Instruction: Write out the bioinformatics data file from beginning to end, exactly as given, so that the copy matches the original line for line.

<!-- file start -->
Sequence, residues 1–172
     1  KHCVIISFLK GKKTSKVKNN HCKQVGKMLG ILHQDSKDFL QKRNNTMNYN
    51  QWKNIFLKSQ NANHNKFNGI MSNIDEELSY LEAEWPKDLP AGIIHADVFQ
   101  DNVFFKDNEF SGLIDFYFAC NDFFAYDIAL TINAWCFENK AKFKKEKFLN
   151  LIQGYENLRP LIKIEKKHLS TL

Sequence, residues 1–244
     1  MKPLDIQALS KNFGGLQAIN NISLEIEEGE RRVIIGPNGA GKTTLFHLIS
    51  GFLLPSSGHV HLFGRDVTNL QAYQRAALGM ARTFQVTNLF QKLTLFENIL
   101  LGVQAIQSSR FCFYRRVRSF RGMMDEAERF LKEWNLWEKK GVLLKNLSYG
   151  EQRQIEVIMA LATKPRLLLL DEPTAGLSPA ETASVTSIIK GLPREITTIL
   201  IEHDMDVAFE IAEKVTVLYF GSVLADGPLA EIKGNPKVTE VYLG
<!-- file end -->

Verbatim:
Sequence, residues 1–172
     1  KHCVIISFLK GKKTSKVKNN HCKQVGKMLG ILHQDSKDFL QKRNNTMNYN
    51  QWKNIFLKSQ NANHNKFNGI MSNIDEELSY LEAEWPKDLP AGIIHADVFQ
   101  DNVFFKDNEF SGLIDFYFAC NDFFAYDIAL TINAWCFENK AKFKKEKFLN
   151  LIQGYENLRP LIKIEKKHLS TL

Sequence, residues 1–244
     1  MKPLDIQALS KNFGGLQAIN NISLEIEEGE RRVIIGPNGA GKTTLFHLIS
    51  GFLLPSSGHV HLFGRDVTNL QAYQRAALGM ARTFQVTNLF QKLTLFENIL
   101  LGVQAIQSSR FCFYRRVRSF RGMMDEAERF LKEWNLWEKK GVLLKNLSYG
   151  EQRQIEVIMA LATKPRLLLL DEPTAGLSPA ETASVTSIIK GLPREITTIL
   201  IEHDMDVAFE IAEKVTVLYF GSVLADGPLA EIKGNPKVTE VYLG